Many organizations measure how satisfied customers are with their products, services and with the customer-service experience. Those organizations may not do much with the data gathered, but they do have systems in place to measure customer service.

Too few organizations measure how satisfied employees are with their company, their boss, their colleagues and their work environment. The organizations that do gather this data may not do much with it, which is unfortunate.

Leaders need to place as much importance on workplace sanity and civility as they do on workplace productivity. When leaders invest time, energy, and passion in the health of their team or company’s work environment, amazing things happen. There is undeniable proof that when work environments demonstrate trust, respect, and dignity to every player in every interaction, engagement goes up, customer service goes up, and results and profits go up.

The problem is that most work environments do not demonstrate trust, respect, and dignity in every interaction. (read more…)

Getting a business off the ground is almost impossible if you don’t know where and how to get funding. You may have written a business plan, done your market research, and discovered everything you need to know to start your business, but without some cash in the bank, getting up and running can be a real challenge.

Here are six options to consider to get your business off the ground:

1. Credit card financing

Business credit cards will almost always have a personal guarantee, meaning you’ll have to put up your own assets — such as your car or house — as collateral. Ideally, try to get a true business credit card instead of a personal one. This will start you off right and help you build the good habit of not mixing business and personal expenses.

If you are working with a partner, be sure to understand the implication of having a partner join the business. (read more…)

SmartPulse — our weekly nonscientific reader poll in SmartBrief on Leadership — tracks feedback from more than 190,000 business leaders. We run the poll question each week in our e-newsletter.

Last week, we asked: How often are you an enabler of your team’s poor performance?

  • Never — I hold everyone accountable for their work: 14.89%
  • Sometimes — I occasionally let them get away with things: 75.84%
  • Often — I clean up their messes and they keep making them: 7.58%
  • Always — I struggle to hold them accountable for their work: 1.69%

Give them an inch… You’re the guardian of the standard. When you let your team members slide by and fix their shoddy work (or even worse – do it for them because it’s “easier for me to do it”) you’re an enabler of that bad behavior. Sure, it’s hard short-term to teach them and get them to fix their work but long term we all know it’s worth the effort. (read more…)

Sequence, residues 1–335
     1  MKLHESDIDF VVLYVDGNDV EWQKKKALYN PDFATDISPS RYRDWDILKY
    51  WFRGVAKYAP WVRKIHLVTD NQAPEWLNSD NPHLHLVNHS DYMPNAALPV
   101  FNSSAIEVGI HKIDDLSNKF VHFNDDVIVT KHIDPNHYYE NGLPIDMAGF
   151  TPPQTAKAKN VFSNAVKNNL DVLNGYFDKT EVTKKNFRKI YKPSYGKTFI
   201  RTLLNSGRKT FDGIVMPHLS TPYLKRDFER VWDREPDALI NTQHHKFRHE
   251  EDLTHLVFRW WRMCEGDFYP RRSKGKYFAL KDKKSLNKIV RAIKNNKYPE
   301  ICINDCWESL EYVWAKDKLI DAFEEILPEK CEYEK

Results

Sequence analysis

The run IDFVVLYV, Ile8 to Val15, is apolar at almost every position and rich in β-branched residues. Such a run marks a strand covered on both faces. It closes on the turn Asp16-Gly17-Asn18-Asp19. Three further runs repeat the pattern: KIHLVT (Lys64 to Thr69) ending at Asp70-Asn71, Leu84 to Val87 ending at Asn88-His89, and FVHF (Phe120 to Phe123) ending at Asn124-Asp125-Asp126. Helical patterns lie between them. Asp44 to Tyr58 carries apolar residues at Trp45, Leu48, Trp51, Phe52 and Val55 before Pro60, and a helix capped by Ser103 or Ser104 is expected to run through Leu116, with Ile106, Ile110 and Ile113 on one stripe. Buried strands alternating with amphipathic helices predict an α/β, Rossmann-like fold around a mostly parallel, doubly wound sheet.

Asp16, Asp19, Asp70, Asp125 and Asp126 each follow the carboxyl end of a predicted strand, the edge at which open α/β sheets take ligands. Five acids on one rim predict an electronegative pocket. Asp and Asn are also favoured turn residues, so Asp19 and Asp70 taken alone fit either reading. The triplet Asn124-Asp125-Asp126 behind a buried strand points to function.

When Millennials Take OverThis post is an edited excerpt from “When Millennials Take Over: Preparing for the Ridiculously Optimistic Future of Business,” (Ideapress Publishing, March 2015) by Jamie Notter and Maddie Grant. The book identifies four principles that will guide successful businesses now and in the future: Digital, Clear, Fluid, and Fast. This excerpt is from the chapter on Fast.

You hear it almost daily in the business press: The pace of change has gone through the roof, and our organizations are not keeping up. A strategic window opens up, but the organization can’t pivot fast enough and loses out to that creative new startup. The development of new technology being used both by our competitors and by our customers makes it almost impossible to stay ahead of the curve, and we find ourselves scrambling to keep up. Executives stay up at night worrying about speed, or the lack thereof.

Speed, of course, is a key variable in any calculation of productivity and efficiency. (read more…)

“Because you never get a second chance to make a first impression.”Head and Shoulders dandruff shampoo commercial.

One rainy day during the Revolutionary War, George Washington rode up to a group of soldiers attempting to raise a wooden beam to a high position. The corporal in charge was shouting encouragement, but the soldiers couldn’t position it correctly. Washington asked the corporal why he didn’t join in and help, to which the corporal replied, “Don’t you realize that I am the corporal?”

Very politely, Washington replied, “I beg your pardon, Mr. Corporal, I did.” Washington dismounted his horse and went to work with the soldiers to get the oak beam in position. As they finished, Washington said “If you should need help again, call on Washington, your commander-in-chief, and I will come.”1

Imagine the first impression that Washington made on those men. Any doubt whether these soldiers gave their all on the battlefield for their commander-in-chief? (read more…)